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House panel votes to expel Traficant

Rep. Jim Traficant
Rep. Jim Traficant  


WASHINGTON (CNN) -- The House ethics committee unanimously recommended Thursday that Rep. James Traficant, D-Ohio, should be expelled from the House for ethics violations relating to his bribery, racketeering and tax evasion convictions.

A vote by the full House on the recommendation is expected by early next week. A two-thirds vote is needed to expel.

If expelled, Traficant, 61, would become the second member of Congress to be kicked out since the Civil War.

The unanimous vote by the 10-member House Committee on Standards of Official Conduct came hours after a defiant Traficant appeared before the committee and urged members to stay any decision on his punishment and to hear from witnesses who could testify on his behalf.

"Otherwise, I will break out of prison and I'll make a neck tie out of some these bureaucrats," he said.

Dressed in a white denim suit with a blue denim shirt, Traficant warned his colleagues they were making a mistake and vowed to take his fight to the floor.

"You could possibly expel a member that could get a new trial, and makes you look like a bunch of fools," he said. "If I am to be expelled under these circumstances, then God save the republic and God save the Constitution."

CNN NewsPass VIDEO
On the verge of expulsion from Congress, U.S. Rep. James Traficant, D-Ohio, accuses House ethics panel lawyers of lying and the federal government of having a vendetta against him. CNN's Candy Crowley reports. (July 18)

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EXTRA INFORMATION
Profile: U.S. Representative Jim Traficant 
 

At another point, the nine-term congressman said he is a patriot who loves his country, but "I hate the government."

"If you expel me, I will go down in history as an expelled member -- but you know what? I have a very clear conscience. I am proud to be an American," he said.

He said he was the victim of a government vendetta and a vicious press "that has beat the hell out of me for years."

"Many of them are so dumb they could throw themselves at the ground and miss," Traficant said of members of the news media.

"I would ask the committee not to ask me any questions, because I've got to go to the bathroom. I'm disgusted, busted, can't be trusted."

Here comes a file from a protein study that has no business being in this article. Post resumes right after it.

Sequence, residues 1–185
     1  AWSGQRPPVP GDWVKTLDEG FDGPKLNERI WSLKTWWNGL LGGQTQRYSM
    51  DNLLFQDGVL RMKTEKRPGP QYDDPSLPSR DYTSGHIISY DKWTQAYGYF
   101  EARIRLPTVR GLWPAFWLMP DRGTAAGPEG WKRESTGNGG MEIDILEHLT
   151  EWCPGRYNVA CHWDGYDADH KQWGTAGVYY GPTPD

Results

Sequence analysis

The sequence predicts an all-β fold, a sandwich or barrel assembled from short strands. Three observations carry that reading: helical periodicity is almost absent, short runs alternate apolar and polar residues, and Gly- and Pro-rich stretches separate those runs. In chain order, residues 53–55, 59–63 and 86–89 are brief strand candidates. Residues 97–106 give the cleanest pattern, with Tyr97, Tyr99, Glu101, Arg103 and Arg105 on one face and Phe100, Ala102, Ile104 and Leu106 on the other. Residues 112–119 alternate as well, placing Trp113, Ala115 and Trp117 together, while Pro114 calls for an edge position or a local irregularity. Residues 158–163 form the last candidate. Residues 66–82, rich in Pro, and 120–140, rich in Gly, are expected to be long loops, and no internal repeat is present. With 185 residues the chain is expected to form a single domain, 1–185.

Earlier in the day, a subcommittee of the ethics panel found Traficant guilty of all but one of 10 counts of violations it considered.

The violations result from his conviction in April of 10 federal counts that included bribery, racketeering and tax evasion. Prosecutors have recommended he serve 7.25 years in prison. Traficant is appealing the conviction.

Congressional leaders had urged Traficant to resign before his ethics probe reached the stage it has.

Throughout the hearing, Traficant appeared to make light of the situation.

"I will take with me a file, a chisel, a knife, I will try and get some major explosives, try to fight my way out," Traficant said of the possibility of his incarceration.

"And then when I get out I will grab a sword like Maximus Meridius Demidius and as a Gladiator I will stab people in the crotch." Maximus Meridius was the gladiator Russell Crowe portrayed in the movie "Gladiator."

Traficant has complained about a government vendetta since he beat the FBI in a bribery case in Columbus, Ohio, in 1983, also while defending himself. Traficant, who was a county sheriff at the time, used the victory to propel himself to Congress in 1984.

He is from Youngstown and represents that city and environs in the northeastern part of Ohio.

The only other House member to be kicked out since the Civil War was Rep. Michael Myers, D-Pennsylvania, who was expelled in 1980 for accepting money from undercover FBI agents.



 
 
 
 







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